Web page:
Professional photographer George L. Beam had a private studio in Denver, Colorado, and a position with the Denver and Rio Grande Western Railroad. In September 1923, Beam and his supervisor Frank A. Wadleigh, traveled to Thompson, Utah, at the invitation of prospector Alex Ringhoffer, who had discovered an exotic landscape of arches and pinnacles. A party of six, including Ringhoffer’s sons and son-in-law spent two days exploring an eroded sandstone ridge that Ringhoffer had dubbed “The Devil’s Garden.”
“We found what undoubtedly is the fifth in size of the known natural bridges. We had but two days at our disposal and could only cover a small part of the district in that time, but Beam managed to make forty or fifty exposures, and his pictures will convey some idea of the freakishness of the region,” wrote Wadleigh.
Beam took 40-50 large format monochrome photographs, documenting this landscape and the expedition. Wadleigh sent the images to Stephen T. Mather, Director of the National Park Service, with a letter recommending that this exciting new landscape be made a new national monument. Mather showed Beam’s photographs of what is now known as the Klondike Bluffs and Marching Men to influential people in Washington and New York, to build political support for the creation of Arches. In 1929, President Herbert Hoover proclaimed the new Arches National Monument.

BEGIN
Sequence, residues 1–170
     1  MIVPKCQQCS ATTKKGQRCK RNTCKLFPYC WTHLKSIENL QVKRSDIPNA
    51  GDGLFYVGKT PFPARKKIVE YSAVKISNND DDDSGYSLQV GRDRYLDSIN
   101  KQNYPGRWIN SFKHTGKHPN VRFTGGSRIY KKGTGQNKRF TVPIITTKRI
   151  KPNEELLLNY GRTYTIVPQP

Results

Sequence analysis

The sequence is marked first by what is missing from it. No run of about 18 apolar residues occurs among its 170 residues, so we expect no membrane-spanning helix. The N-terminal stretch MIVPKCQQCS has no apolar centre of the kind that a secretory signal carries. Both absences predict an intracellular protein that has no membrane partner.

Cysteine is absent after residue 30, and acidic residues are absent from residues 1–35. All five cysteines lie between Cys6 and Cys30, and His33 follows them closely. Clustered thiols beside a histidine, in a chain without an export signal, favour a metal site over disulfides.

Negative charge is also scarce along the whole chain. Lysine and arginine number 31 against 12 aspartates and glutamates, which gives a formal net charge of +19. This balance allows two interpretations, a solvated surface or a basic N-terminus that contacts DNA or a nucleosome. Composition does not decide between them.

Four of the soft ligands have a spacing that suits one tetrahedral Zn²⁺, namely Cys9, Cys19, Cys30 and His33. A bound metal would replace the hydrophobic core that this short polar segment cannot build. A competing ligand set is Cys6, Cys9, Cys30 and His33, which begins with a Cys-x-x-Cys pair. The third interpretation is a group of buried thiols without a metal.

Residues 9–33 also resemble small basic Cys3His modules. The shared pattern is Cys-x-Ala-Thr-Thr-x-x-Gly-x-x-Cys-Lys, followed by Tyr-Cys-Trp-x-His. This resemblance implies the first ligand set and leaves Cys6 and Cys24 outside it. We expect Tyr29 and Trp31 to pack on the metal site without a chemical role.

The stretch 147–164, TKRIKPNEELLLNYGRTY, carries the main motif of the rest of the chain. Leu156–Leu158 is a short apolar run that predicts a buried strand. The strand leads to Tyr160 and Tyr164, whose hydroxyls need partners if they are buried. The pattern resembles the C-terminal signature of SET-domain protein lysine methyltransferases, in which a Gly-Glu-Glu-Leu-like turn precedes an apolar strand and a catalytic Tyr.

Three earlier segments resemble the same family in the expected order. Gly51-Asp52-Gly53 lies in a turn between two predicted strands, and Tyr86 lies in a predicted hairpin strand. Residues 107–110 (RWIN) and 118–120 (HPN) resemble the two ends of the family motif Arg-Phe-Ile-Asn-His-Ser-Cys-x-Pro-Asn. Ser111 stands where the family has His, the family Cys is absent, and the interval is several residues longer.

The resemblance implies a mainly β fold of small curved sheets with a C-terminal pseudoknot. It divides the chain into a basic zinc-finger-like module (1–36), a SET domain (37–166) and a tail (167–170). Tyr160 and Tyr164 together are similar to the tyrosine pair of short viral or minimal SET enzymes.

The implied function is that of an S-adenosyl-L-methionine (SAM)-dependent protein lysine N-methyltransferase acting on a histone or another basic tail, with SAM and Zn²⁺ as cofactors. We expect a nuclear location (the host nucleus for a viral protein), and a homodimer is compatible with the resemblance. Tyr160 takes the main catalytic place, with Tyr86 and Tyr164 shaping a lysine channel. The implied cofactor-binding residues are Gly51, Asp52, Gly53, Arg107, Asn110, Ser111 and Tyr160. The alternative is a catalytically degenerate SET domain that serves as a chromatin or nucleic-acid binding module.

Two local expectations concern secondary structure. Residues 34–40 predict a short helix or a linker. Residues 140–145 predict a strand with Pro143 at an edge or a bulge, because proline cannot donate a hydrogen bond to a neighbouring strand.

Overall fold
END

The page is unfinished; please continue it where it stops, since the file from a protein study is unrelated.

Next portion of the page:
These images were never publically displayed, and were out of sight for many years before James L. Ozment added them to his collection of railroad photographs. MNA archaeologists Kim Spurr and David Purcell discovered the Beam photographs in the digital archives of the Denver Public Library, while researching the Arches National Park administrative history for the National Park Service, one of many collaborations underway at MNA.